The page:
Olympians Hidilyn Diaz and Charly Suarez attended a press conference last September 3, 2016 at Michel’s Bistro to show to the public what it truly takes to win an Olympic medal. The event was organized by Silver Mercado of Epic Performance and Fitness, along with colleagues Pio Solon and Angel Lado, and coach Jay Futalan. Michel Lhuillier and Dr. Amparito Lhuiller were also present at the event.
The Philippines received its first Olympic medal when Hidilyn Diaz won silver at the women’s 53kg weightlifting category. She is the Philippine’s first female Olympic medalist at 25 years old.
Charly Suarez, at 27, has been a member of the Philippine national boxing team for over 10 years, but Rio 2016 was his first Olympic game. He was one of the two boxers who represented the Philippines. Although he came home with no medal, he already has a significant track record of wins from other international competitions.
Jay Futalan of the Philippine Sports Commission (PSC) coaches 200 athletes, four of which competed in the Rio Olympics. According to him, the hardest part about their journey to the top was finding time to rest amidst training all that potential.
“It is the idea of yourself and how you see yourself beyond the now,” Funtalan said when he was asked about how people, especially the Olympic hopefuls, keep motivated with all the stress and pressure
Positive mental imagery is a technique that most athletes practice. Psychology Today puts this visualization as the most powerful mental tool. Athletes motivate themselves by picturing out their goals and medals, or by recalling previous successes.
“When thinking about successful competition, do not focus on the differences and look at the similarities instead,” he advised.
Furthermore, Suarez said that it is balancing the bad thoughts that can bring a person down. He encourages everyone to “strive to step up [to the next level].” For example, despite not bringing any medals this year, he is focused on winning the next step — the 2020 Olympic games.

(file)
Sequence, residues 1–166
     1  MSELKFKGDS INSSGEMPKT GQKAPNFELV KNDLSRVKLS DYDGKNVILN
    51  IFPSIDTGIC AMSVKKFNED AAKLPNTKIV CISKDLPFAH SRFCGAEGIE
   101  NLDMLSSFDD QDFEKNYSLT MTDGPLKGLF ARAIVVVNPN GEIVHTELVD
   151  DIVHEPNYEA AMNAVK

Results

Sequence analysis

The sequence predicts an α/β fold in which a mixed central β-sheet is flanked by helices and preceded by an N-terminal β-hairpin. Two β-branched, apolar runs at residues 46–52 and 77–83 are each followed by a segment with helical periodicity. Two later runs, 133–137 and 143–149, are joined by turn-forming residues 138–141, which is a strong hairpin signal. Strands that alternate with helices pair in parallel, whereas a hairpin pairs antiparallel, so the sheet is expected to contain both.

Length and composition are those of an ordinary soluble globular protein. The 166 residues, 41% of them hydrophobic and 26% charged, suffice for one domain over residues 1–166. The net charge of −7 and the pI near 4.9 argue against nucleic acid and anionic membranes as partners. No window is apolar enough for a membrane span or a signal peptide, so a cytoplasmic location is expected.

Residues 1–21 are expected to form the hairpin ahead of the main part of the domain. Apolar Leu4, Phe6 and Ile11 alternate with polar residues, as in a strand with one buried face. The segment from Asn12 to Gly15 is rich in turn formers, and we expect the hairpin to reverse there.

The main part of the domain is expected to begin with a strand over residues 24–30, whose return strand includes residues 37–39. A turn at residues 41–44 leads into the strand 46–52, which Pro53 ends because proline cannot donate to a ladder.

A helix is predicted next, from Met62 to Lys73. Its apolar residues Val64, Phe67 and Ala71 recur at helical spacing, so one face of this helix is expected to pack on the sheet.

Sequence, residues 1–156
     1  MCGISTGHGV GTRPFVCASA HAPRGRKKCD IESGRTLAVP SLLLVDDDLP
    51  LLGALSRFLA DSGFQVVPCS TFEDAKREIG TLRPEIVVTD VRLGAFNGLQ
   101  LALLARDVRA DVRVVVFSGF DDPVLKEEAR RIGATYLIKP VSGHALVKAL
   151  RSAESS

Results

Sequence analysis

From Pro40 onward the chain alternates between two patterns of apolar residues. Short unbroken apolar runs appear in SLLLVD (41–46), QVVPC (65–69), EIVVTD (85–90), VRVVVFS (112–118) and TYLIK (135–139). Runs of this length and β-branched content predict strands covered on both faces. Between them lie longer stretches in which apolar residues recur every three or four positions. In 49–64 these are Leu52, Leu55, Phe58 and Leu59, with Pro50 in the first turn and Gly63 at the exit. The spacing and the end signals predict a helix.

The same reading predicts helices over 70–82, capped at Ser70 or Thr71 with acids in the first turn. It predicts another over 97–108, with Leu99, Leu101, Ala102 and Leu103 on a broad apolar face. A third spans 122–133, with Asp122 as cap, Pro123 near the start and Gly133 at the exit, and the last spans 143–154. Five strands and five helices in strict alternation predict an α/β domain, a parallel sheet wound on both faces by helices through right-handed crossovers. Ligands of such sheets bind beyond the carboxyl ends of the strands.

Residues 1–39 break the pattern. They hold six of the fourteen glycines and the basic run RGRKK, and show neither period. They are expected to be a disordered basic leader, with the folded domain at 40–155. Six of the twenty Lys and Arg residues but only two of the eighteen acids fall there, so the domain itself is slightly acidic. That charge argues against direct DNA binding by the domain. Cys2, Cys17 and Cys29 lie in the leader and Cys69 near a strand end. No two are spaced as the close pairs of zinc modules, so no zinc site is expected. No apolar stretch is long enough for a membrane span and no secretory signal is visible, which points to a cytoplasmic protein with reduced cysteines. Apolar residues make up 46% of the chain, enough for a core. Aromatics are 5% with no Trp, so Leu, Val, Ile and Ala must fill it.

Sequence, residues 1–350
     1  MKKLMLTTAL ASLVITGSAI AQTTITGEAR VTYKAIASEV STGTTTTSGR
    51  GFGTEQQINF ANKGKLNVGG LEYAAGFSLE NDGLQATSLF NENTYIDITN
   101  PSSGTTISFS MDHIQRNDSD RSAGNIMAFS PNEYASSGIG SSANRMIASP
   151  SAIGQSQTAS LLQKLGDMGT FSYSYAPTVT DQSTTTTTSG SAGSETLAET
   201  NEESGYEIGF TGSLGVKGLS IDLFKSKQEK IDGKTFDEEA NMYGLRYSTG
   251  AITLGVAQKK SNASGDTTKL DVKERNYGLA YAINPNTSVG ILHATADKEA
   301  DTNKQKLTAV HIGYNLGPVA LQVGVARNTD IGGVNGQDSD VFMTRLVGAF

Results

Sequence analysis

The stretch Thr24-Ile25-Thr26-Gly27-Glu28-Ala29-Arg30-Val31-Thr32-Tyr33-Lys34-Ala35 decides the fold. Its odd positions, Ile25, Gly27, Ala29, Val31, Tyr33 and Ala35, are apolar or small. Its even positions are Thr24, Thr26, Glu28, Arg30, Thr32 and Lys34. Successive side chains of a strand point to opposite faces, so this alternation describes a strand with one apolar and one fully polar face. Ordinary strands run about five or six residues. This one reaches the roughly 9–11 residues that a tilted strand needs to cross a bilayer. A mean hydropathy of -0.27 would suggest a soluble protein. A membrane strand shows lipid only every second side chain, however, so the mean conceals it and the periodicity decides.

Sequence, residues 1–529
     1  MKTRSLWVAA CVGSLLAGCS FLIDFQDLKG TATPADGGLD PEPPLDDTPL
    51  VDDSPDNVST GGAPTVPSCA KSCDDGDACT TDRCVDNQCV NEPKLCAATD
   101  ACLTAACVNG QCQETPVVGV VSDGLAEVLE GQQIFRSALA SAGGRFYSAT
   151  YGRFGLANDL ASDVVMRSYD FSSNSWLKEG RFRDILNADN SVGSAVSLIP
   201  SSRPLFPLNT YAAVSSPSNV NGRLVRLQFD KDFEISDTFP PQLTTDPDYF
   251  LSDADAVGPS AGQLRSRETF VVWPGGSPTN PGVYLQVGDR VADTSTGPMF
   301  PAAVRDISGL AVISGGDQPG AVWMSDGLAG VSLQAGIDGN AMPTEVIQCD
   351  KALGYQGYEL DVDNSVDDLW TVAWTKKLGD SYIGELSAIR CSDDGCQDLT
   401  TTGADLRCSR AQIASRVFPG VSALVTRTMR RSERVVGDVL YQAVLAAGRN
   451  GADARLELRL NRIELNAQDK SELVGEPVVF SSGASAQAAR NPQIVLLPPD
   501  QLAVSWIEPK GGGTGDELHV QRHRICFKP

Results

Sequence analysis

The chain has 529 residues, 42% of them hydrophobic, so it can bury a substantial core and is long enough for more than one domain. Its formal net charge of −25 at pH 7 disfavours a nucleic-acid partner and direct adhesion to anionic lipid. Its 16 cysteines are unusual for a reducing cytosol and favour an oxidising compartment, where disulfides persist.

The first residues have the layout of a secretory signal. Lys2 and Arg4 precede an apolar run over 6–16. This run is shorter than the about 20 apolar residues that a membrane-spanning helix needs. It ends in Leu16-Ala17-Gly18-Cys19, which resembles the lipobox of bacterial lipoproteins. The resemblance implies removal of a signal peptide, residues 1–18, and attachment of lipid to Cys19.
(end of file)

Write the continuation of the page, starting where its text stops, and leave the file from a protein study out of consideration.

“Rely on yourself for motivation. You have to believe in yourself,” said Diaz, who attributes her motivation to her self-confidence and self-reliance. According to her, while motivation from others is encouraging, nothing beats believing in your own self. That way, when others lose faith in you, you will not lose hope.
Tips and tricks like positive mental imagery is only one of the many conclusions from researches done on sports in order to enhance an athlete’s performance. Throughout the event, Futalan stressed the importance of sports science. The recent Olympics has proven that Filipinos are equal in skill and talent to other much more developed countries. Other countries conduct tests to identify areas of improvement and publish multiple and varied research papers on sports science. Those foreign researches and methods are not always applicable for local athletes due to cultural differences that affect diet among other things. By applying those foreign methods, we are not able to truly maximize the skills and talents of our local athletes.
He is positive that the new administration will make the Philippine Sports Institute a reality. It is set to go active in October. This institute will help bring sports to the countryside for talent identification and development, and train existing athletes. The PSC will partner with the Department of Education and the Local Government Units.
Moreover, Futalan said that “dreaming big is the way to go” for upcoming and aspiring athletes.
Suarez, however, reminds them of Matthew 6:33 — “But seek first his kingdom and his righteousness, and all these things will be given to you as well.”